Home > Family, Kids, Life > From “me” to “you” to “us”

From “me” to “you” to “us”

Last Sunday (of course I was sick)

Sundays are wonderful days for our family and also very hard days for our family. The morning starts just as early as every other day, it just involves a little more work for my wife, as I leave the house at 7:30 a.m. for church.  Sometimes the kids cooperate and things go real well. Then there are times when the kids are crabby, tired, hungry, hyper or any combination of those.  That takes the stress level to a whole new level. As you can imagine, when I get home on a Sunday all I really want to do is drink some coffee, watch baseball, read a book.  Reality tells me that I have 4 children and they would rather run around with pointy objects.

This Sunday was not all the much different except that my oldest son has been after me to take him fishing.  I have been recovering from an illness over the last week and have not been able to do that.  By the time he got up this morning he was pretty much convinced that we were going.  He had it all planned out.  He knew the place, where we needed to go to get bait and what he wanted to use.  He had dreams of fish he was going to catch and he went to church and told everyone he met that his daddy was taking him fishing.  He even invited someone to go along with us.

Fishing another time

As a side note, I love that he is into fishing.  When he was born I couldn’t wait for the day when he would want to fish with me.  The day has arrived and he is into it, ready or not.

I walked in the door after church and there he was.  “After you eat lunch, are you ready to go?”  I told him to let me think about  what was going to happen.  He left and came back 5 minutes later and stood there looking at me.  “You know what I am going to ask you, dad.”  At that point I was a little irritated that he wouldn’t even let me eat my lunch, so I told him to go play so I could figure it out.  He let me finish and came back and said, “are you ready dad?”

I must admit I was not too excited about going fishing.  It was 85 degrees and there are mobs of tourists around.  Usually when I fish on Sunday afternoons I am interrupted by someone on vacation who thinks the spot we are fishing is a great place to play fetch with their dog.  But, how could I say no to him?

Fishing didn’t prove to be successful.  We got a few bites and caught only one.  But, I realized something even more profound as we fished.  I looked at my son and realized that he was soaking in everything that I was doing.  He was trying to imitate the way I cast and wanted so badly to hook a fish.  He watches me do it and then tries himself.  He is working on it and continues to improve in his technique.  I also realized that what had started as a little bit of “me” not wanting to go because I was tired had turned into something else.  I had relented and by doing so had turned it into something that was about him, or “you” – someone other than myself.  But, as I fished with him I realized that it was about “us.”  I held his pole and had him grab on to teach him how to cast with greater distance.   I showed him where to position his bobber and then watched as he did it correctly.  We were doing something together and it was building relational bridges I could never have planned.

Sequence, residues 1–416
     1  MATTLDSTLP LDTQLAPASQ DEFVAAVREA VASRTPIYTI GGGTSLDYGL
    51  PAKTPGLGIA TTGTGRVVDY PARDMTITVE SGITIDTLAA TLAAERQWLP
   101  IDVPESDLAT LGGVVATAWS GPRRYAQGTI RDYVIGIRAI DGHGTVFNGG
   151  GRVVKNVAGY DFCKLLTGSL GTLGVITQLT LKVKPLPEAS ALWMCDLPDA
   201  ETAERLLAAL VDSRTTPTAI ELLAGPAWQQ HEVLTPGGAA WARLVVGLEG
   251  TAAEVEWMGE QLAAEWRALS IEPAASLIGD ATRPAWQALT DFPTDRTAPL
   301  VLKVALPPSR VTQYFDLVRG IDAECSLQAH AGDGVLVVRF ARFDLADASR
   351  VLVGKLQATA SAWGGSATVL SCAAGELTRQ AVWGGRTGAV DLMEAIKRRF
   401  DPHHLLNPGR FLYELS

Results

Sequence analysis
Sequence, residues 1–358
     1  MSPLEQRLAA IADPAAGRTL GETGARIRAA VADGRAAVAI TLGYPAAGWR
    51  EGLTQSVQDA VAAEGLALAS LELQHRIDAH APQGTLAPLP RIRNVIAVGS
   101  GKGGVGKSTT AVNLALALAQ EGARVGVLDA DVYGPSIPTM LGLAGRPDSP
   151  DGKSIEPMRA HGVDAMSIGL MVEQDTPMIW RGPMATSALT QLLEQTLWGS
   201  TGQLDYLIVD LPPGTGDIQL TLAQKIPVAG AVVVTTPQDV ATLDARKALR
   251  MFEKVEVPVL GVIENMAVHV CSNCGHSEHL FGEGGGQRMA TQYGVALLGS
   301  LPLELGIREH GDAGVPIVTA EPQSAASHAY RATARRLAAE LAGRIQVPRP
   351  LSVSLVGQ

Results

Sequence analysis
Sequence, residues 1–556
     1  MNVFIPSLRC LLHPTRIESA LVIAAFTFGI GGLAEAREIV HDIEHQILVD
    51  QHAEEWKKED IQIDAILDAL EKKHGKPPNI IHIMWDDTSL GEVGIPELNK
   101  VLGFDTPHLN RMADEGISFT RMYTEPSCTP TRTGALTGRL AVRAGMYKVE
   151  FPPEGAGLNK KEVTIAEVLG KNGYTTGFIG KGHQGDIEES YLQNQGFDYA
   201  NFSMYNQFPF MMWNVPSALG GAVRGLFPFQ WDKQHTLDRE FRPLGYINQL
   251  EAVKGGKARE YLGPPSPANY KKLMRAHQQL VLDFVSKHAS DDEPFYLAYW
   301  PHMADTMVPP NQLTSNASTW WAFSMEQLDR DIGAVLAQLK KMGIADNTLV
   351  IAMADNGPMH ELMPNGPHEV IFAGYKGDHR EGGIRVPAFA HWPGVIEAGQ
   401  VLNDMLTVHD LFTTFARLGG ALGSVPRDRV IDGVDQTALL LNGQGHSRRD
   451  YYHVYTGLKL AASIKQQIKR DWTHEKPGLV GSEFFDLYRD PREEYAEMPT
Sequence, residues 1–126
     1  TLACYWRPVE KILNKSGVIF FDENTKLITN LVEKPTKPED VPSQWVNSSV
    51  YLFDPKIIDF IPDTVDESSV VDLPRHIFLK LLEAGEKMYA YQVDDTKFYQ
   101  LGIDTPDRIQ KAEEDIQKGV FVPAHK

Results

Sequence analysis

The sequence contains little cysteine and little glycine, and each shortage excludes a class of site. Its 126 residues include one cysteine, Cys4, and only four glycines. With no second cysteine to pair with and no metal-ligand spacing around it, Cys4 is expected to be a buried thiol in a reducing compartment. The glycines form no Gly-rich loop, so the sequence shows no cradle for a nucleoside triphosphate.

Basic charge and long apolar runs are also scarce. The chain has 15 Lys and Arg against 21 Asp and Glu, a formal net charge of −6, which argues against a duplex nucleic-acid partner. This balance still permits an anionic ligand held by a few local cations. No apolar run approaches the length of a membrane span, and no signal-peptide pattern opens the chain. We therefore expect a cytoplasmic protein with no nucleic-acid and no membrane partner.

Fishing last summer

This did not happen until I stepped outside of my own little world of comfort and looked at the day through the eyes of someone else.  In this case the very thing I was not too thrilled about became the highlight of my day.  We even ended the day with a small camp fire and smores.

What a difference it makes when we step away and let someone else decide what we do!  There might be a blessing in the plans of someone else.  There might be a relationship that is deepened to a level that it never could have at some other event.

You know the biggest lesson in this is that Jesus Christ does this for us.  In the time of His ministry when He felt the greatest pressure to back out he relented to the will of God.  The easiest and most convenient thing might have been the most appealing, but the hardest thing was what was needed.  Jesus looked at His own circumstances and saw “you” and now we are able to approach God as a part of his family.

It is no longer Him and us, it is only “us” because we have been reconciled to Him.

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  1. July 9, 2012 at 8:54 am

    Your work is always fascinating to me, Derek; you are a man of God, a Dad and an all-around cool guy! Great work on your part!

    • July 9, 2012 at 11:31 am

      Ask my kids if I am a cool guy now and they will agree. The real test will be when they are in the teen years. Then all of my supposed youth ministry expertise will be exposed for its veracity or lack there of.

  2. July 9, 2012 at 11:05 am

    There are times when my daughter wants to do something but I don’t. I can think of a hundred other things I would rather be doing than “wasting” time on some adventure she wants to go see or do. But most times I relent and do what she wants because it’s what “she” wants and our relationship is the better for it.

    • July 9, 2012 at 11:30 am

      There really is no way to measure the value of those times. As someone once said (I don’t know who) — quality time is found in the quantity.

  3. July 11, 2012 at 11:02 pm

    Beautiful story. How often we miss out on those relational moments, with God and others.

  1. July 10, 2012 at 4:22 am
  2. July 19, 2012 at 4:24 am

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